CD/PV.614 (27 February 1992)
Final Record of the 614th Plenary Meeting (27 February 1992)

Mr. DONOWAKI (Japan): Mr. President, first of all, I would like to reaffirm my delegation's pleasure in seeing you in the Chair, and we are confident that under your able and skilful chairmanship our work in the CD will make successful progress. I should also like to express to the previous President, Ambassador Calovski of Yugoslavia, my delegation's sincere appreciation for the great contribution he made at the beginning of this session of the Conference. May I also state that we listened with great interest to the important statement made by the Under-Secretary of State for Foreign Affairs of Poland, His Excellency Mr. Kostarczyk? I should also like to express my delegation's gratitude for the contribution made by Ambassador Konatina over the years in the Conference on Disarmament and our regret that he will be leaving us soon.

The purpose of my intervention is, of course, to state the position of my Government on the question raised by the previous speaker. I listened with much interest to the statement that the Chinese Government has great interest in achieving the chemical weapons convention this year, and was very encouraged by the reference to the four-nation proposal on challenge inspection to which the Chinese Government has been giving serious consideration, since Japan is one of the co-sponsors of the four-nation proposal. I am very much encouraged by that fact. On the question of old and abandoned chemical weapons, my delegation has taken a consistent policy for some time, but perhaps it is important to repeat it to help achieve an early conclusion of the negotiations. The purpose of our negotiations, as the previous speaker pointed out, is to achieve a convention which will effectively destroy existing chemical weapons. Of course, we know that some States have a large stock of chemical weapons. One of the major purposes of the convention is to deal with these. At the same time, however, we should also take into account the importance of destroying old and abandoned chemical weapons. The purpose of the convention is also, in the long term, to prevent the production of chemical weapons by introducing a system to check compliance with it - a very complicated task. That is why our negotiations are going through very difficult phases. So these are the broad objectives of our convention which should be formulated in such a way that there will be no gaps or loopholes in achieving this purpose.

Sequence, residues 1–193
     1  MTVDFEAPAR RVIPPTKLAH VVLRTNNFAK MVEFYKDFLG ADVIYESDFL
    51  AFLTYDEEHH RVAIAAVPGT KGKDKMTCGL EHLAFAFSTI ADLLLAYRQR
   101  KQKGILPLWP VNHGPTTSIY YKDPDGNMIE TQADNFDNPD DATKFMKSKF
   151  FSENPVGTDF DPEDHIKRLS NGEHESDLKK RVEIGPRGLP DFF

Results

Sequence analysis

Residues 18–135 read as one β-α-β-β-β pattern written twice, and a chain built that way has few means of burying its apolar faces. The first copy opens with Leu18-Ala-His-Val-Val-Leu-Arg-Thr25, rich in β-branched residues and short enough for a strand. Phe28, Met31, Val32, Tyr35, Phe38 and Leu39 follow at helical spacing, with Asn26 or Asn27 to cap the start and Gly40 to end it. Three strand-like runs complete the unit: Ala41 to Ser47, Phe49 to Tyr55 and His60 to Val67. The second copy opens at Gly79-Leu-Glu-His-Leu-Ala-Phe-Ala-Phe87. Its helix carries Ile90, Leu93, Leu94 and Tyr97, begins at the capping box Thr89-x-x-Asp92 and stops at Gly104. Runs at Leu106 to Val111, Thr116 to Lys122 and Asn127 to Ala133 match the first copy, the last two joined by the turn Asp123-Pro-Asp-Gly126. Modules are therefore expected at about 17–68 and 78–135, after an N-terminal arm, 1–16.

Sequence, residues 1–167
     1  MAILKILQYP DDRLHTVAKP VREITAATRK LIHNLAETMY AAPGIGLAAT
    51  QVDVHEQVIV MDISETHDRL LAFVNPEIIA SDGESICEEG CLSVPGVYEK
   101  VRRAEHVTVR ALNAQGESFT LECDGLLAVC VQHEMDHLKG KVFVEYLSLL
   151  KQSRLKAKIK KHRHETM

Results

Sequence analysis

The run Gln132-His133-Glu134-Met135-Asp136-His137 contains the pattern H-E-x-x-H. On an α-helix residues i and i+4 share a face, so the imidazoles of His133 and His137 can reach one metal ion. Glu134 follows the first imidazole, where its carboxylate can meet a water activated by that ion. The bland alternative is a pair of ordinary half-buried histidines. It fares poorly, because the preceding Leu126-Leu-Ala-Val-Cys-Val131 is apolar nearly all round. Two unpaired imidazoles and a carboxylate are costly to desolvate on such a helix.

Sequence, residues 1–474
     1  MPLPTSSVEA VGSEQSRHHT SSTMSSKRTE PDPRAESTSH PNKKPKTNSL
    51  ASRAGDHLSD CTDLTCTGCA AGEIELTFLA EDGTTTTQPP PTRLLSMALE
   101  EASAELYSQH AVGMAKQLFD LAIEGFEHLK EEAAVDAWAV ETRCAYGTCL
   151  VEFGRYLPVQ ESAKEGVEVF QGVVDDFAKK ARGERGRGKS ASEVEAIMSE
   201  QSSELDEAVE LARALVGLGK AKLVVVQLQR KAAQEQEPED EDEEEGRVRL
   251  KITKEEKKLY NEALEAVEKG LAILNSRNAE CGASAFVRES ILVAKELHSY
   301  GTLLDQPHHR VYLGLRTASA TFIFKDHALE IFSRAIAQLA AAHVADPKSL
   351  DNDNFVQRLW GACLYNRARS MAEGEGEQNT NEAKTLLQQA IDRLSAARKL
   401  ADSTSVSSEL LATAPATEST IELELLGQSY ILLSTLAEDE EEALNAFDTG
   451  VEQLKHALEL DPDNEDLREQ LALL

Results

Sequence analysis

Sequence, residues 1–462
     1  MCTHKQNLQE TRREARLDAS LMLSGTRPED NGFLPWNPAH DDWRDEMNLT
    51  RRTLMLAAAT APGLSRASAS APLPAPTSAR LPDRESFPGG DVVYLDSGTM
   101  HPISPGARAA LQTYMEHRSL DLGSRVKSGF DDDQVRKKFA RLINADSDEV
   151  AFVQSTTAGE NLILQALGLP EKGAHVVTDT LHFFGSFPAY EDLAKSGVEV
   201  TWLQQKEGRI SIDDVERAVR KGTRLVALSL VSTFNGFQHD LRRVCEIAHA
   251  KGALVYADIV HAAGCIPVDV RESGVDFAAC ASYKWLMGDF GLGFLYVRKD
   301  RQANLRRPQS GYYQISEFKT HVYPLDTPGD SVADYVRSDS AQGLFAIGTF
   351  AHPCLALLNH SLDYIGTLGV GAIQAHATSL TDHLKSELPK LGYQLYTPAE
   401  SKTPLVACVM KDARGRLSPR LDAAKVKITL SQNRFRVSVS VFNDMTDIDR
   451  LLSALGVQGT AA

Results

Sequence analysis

We have to make sure that all possible cases of old and abandoned chemical weapons will be covered by the convention, not only those referred to in the working paper submitted concerning our two countries, but also others and each case is different. For that reason, the work and consultations being conducted by Friend of the Chair Ambassador Brotodiningrat of Indonesia are very important, and we highly appreciate the efforts he is making. My delegation will make every constructive effort to cooperate with him in finding an early solution, together with other countries.
However, my delegation's position is that this Conference is not the forum for bilateral issues. In the case of the latter, we have been making honest and serious efforts, apart from the negotiations in this Conference, and we are working towards a successful settlement of them. I do not wish therefore to dwell upon this side of our efforts. I will simply state that the working paper submitted this morning gives preliminary data exemplifying one case of abandoned weapons.